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MEDICAL INNOVATION BILL PMB 1 - 2014 Presentation to Members of the Portfolio Committee on Health 17 September 2014 by Mr Narend Singh, MP. Medical Innovation Bill- PMB 1-2014 Introductory Remarks.
MEDICAL INNOVATION BILLPMB 1 - 2014Presentation toMembers of the Portfolio Committee on Health17 September 2014byMr Narend Singh, MP
Cancer is a major global burden. The latest statistics predict it will affect 1 in 3 people and it remains the leading cause of death worldwide. Cancer not only costs billions of dollars each year to treat, but more importantly affects the quality of life for patients and their families Around the world, and in South Africa in particular, people have expressed their desire for new, effective and affordable treatments. Exciting new integrative therapies are being discovered daily however ‘red tape’ often prevents them from getting to patients in a timely manner. Most take over 10 years to get from the research stage to the patient, a time during which too many cancer sufferers die. Despite the tremendous ongoing efforts of doctors and scientists around the world, there is no cure yet for cancer. Our world has changed. Scientists and doctors alike are now looking in new directions. The practice of using integrative medicine to treat illness and disease by combining alternative medicine with conventional medicine is the way of the future. It includes treating the whole person by focusing on wellness and health as well as treating the disease and palliative care.
Under current legislation medical practitioners are being legally prevented from prescribing and administering effective and harmless treatments, including those involving the use of cannabis, with respect to several life threatening diseases, including cancer, because such treatments have not been approved in terms of presently legally required double-blind in vivo clinical studies.
However, such clinical studies are often economically unviable, as the treatment or the substances used for it, such as bicarbonate of sodium or cannabis, are in the public domain and not capable of been patented, thereby preventing any relevant party from recouping the costs of such studies from future profits. This results in unnecessary human suffering and death on a mass scale, with consequent immense social and economic costs.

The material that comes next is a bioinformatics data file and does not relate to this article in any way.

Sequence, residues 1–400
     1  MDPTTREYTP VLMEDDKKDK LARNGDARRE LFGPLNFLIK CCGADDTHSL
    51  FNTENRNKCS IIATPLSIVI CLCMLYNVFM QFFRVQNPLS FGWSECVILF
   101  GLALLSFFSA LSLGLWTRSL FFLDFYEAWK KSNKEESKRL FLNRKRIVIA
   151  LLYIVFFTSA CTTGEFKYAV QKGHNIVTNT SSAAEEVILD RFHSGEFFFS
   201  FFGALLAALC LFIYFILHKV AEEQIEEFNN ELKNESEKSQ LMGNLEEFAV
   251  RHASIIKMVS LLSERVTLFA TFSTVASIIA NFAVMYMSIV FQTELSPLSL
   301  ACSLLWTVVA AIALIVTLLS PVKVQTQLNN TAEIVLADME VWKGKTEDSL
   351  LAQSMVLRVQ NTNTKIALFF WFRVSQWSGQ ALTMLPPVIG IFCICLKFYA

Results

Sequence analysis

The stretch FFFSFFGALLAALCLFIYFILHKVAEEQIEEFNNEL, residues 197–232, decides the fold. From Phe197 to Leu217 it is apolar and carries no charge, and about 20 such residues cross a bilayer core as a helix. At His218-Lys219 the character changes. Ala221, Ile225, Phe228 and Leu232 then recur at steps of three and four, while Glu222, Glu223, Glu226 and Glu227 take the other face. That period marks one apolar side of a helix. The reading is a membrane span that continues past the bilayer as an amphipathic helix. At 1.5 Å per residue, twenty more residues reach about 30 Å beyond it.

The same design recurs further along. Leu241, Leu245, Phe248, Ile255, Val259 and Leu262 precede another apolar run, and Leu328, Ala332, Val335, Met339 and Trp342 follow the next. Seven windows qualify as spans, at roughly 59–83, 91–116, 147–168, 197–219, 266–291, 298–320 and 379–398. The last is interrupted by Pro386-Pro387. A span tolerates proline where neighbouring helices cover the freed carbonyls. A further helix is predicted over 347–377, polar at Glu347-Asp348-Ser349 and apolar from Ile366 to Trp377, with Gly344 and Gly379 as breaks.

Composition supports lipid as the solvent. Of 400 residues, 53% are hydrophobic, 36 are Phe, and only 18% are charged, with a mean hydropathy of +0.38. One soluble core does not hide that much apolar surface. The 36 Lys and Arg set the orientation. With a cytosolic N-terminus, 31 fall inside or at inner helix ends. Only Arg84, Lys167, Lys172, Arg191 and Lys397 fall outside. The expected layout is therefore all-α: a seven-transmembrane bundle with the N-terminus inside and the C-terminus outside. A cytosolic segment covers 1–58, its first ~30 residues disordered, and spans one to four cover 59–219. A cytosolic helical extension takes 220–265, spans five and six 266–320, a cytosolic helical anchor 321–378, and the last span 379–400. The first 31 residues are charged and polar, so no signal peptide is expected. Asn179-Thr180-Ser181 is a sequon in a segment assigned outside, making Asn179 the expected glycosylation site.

The objectives of the Bill are to establish one or more research centres or hospitals where medical innovation can take place especially with regard to the treatment and cure of cancer; and to legalize the medical, commercial and industrial use of cannabis in accordance with emerging world standards. The Bill creates a special legal dispensation, which applies only in research pilot hospitals authorized by the Minister of Health where medical practitioners are granted greater professional discretion to administer innovative and alternative medical treatments on the basis of the patients’ informed consent.
The Medical Innovation Bill proposes amendments to the health policy and laws of South Africa with respect to the treatment of cancer and other incurable diseases. These changes would allow doctors to administer conventional treatments along with innovative complementary therapies and treatment options. It would also empower the Minister of Health to establish one or more medical treatment research centres, where doctors would be allowed, under strict control and regulation, to administer these therapies.
The Bill has to date, garnered unprecedented public support from South Africans and the International Community at large.
Over 1903 comments have thus far been received in unanimous broad support of the Bill;
We have here before us, an opportunity to place South Africa on the world stage as leaders in medical innovative practices and I submit, the solemn responsibility, to help the thousands upon thousands of South Africans who otherwise would not have access to options in cancer and other dread disease treatment and care.
Medical Innovation Bill PMB 1 -2014Closing Remarks“Death is something inevitable. When a man has done what he considers to be his duty to his people and his country, he can rest in peace. I believe I have made that effort and that is, therefore, why I will sleep for the eternity.” - Nelson Mandela I believe, we have a duty to the many thousands of suffering and terminally-ill people in South Africa. The ones who have no hope left, the ones who have been told by their doctors “to go home and die quietly,” to give them a fighting chance, which is what this Bill is, in essence, all about.I thank you.Mr Narend Singh, MP